You’d think that motorsport would have seen a rise in popularity in recent years as a result, and you’d be right. New complexes such as the Dubai Autodrome and Yas Island have sprung up to cater for the die-hard enthusiasts who’ve had to take their racing elsewhere. Events like the Dubai 24H do the same. But it’s clear that these car-based sports haven’t permeated the public consciousness here anywhere near as much as they have elsewhere – the grandstands at the Autodrome for the 24-hour race were virtually deserted when I visited, and while the Abu Dhabi Grand Prix boasted proudly of a sell-out crowd, the circuit’s capacity is only 50,000 – by contrast, race day at Silverstone pulls in around 120,000 fans.

'Take it to the track', say the police
'Take it to the track', say the police
So what conclusions can we draw from this, then? Well, for one thing, the UAE no longer deserves its reputation for being home to an excess of wealthy, reckless playboys with brashly-modified cars. It’s a calmer place these days, as far as its car culture is concerned. Showing off is on the way out, and anyone who does still enjoy driving fast is clearly being urged to take it to the track. But whether the thrill of driving for driving’s sake will appeal as much as the old days of highway racing and posing remains to be seen. The attitude to cars and driving here - like many other aspects of life here - is ever-changing, and what form it will take in the long run is anyone’s guess.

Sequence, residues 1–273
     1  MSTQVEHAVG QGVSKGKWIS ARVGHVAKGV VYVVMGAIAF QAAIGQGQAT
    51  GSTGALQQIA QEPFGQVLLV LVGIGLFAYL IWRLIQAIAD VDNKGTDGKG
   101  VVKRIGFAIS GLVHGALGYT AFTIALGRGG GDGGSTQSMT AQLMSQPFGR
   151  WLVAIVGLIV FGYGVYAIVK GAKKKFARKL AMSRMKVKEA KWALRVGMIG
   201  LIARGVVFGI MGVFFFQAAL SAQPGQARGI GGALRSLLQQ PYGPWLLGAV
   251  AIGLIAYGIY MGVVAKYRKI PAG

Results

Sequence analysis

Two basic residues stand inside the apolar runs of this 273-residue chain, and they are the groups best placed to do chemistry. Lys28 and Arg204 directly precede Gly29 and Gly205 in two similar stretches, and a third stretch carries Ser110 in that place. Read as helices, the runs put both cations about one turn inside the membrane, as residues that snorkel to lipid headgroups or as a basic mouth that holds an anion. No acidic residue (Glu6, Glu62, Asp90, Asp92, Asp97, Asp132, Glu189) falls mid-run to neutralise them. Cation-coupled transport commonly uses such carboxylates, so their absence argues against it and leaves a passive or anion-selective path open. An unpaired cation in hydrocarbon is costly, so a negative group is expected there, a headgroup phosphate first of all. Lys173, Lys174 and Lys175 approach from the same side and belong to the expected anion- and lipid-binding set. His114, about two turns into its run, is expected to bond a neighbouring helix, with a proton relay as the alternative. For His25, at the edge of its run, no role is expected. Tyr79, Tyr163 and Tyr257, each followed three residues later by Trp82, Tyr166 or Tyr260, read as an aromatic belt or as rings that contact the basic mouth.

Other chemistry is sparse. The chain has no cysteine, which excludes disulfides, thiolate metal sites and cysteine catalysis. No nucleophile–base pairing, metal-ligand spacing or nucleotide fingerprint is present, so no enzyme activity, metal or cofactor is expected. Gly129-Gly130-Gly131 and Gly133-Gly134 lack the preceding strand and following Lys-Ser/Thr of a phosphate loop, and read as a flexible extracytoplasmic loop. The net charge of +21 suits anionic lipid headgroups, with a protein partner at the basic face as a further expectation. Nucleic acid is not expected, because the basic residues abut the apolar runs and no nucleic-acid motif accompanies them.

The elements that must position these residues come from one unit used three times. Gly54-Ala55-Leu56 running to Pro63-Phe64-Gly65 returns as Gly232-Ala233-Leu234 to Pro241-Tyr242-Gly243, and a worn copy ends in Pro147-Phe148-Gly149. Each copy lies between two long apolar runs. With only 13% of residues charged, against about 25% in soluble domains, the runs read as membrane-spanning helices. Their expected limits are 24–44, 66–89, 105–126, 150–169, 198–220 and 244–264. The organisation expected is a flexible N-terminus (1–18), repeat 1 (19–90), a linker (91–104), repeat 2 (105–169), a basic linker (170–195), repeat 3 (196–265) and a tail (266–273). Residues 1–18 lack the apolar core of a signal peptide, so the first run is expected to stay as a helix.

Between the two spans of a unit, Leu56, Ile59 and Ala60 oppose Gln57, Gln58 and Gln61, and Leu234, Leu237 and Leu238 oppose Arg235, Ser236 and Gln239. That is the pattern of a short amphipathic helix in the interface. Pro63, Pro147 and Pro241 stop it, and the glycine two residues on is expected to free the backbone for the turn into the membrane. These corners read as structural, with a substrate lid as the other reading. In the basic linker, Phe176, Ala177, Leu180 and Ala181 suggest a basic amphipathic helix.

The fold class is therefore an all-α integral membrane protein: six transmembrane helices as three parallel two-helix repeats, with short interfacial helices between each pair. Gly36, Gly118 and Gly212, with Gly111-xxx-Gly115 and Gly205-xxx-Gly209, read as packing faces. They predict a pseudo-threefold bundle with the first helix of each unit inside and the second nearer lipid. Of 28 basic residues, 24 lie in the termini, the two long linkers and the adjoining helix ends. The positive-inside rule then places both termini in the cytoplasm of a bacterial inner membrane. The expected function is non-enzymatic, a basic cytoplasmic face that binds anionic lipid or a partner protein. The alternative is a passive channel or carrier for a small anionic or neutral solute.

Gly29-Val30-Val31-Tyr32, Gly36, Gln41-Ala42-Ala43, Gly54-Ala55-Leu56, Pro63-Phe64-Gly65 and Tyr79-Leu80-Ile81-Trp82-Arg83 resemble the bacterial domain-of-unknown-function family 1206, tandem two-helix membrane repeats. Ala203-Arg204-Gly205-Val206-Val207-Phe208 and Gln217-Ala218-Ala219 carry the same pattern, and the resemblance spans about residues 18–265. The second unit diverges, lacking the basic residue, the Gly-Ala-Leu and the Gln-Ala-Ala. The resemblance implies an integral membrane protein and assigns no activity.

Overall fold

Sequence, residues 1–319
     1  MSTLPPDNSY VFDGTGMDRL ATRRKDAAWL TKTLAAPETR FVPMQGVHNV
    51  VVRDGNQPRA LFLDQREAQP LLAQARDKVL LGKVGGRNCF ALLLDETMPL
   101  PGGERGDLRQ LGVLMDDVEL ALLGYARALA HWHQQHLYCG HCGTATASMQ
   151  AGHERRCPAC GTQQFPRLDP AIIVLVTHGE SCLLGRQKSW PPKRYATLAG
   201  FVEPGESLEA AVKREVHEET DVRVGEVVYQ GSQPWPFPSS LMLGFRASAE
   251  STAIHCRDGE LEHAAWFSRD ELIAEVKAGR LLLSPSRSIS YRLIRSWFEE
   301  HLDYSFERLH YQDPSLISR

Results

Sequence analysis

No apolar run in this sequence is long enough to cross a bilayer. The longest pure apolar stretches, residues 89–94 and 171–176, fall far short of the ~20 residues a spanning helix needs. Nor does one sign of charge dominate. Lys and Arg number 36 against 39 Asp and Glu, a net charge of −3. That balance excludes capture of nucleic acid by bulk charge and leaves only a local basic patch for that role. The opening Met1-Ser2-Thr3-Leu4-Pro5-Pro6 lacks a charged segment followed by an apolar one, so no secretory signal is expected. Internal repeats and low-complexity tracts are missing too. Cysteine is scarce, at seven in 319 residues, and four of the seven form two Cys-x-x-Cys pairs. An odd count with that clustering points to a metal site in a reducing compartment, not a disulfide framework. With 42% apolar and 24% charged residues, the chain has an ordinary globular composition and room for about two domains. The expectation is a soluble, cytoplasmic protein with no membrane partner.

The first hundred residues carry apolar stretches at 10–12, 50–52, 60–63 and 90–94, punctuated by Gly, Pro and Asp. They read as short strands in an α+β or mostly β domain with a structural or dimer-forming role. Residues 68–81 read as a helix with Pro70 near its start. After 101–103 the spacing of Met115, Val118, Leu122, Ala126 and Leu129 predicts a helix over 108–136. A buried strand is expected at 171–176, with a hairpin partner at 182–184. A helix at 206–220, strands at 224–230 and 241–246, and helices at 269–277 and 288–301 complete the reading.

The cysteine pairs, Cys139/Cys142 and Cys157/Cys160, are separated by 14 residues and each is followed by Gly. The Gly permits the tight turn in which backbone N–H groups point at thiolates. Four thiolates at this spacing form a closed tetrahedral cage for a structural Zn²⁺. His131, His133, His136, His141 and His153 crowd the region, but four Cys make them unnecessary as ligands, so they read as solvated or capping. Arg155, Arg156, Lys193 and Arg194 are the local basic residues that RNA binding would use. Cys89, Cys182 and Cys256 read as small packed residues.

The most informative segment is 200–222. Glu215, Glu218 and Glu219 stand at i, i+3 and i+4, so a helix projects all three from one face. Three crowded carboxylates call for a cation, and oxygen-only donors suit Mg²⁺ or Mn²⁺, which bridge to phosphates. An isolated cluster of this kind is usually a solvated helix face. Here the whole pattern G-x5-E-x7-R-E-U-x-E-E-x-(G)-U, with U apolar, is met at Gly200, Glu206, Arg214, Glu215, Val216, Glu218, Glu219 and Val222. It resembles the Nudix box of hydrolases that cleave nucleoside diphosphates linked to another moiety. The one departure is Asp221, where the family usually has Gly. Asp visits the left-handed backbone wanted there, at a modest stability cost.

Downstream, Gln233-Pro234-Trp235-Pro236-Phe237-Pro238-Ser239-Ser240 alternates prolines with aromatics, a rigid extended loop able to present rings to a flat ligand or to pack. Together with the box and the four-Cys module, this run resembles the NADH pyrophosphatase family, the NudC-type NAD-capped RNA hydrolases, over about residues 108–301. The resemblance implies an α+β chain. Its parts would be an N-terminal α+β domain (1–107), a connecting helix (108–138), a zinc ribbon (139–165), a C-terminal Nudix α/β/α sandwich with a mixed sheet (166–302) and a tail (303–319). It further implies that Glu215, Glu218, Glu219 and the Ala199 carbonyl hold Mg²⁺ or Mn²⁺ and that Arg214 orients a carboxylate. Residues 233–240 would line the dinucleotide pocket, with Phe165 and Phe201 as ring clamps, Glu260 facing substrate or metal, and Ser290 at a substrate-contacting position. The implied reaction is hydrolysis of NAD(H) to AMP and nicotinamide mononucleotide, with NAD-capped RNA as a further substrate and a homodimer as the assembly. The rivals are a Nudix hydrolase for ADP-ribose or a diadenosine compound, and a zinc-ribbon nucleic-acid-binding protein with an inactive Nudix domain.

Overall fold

Alex

Comments (72) Join the discussion on the forum

  • Dr Imran T 16 Jan 2013

    Interesting, I was there last year and saw a fair few super cars. That said, the vehicle of choice seems to be big pick ups or the like. I know they like to play in the sand dunes a lot.

  • minorflex 16 Jan 2013

    Having visited last month I can say there was much screaming of V8 and V10 engines come nightfall!

  • El Capitano 16 Jan 2013

    Yup, I now live in Dubai. Come night the city is full of the sounds of supercars.

    Depends where you go I guess, any one of the malls has lines of exotica parked up outside throughout the day, and nice hotels/restaurants/hotels also have a handful of supercars in their car parks.

    I'd like to see some more classics though, or rarer cars. 458's seem to be everywhere. Saw a 360 from my balcony the other day which was nice, and a nice ford GT.


  • dxbtiger 16 Jan 2013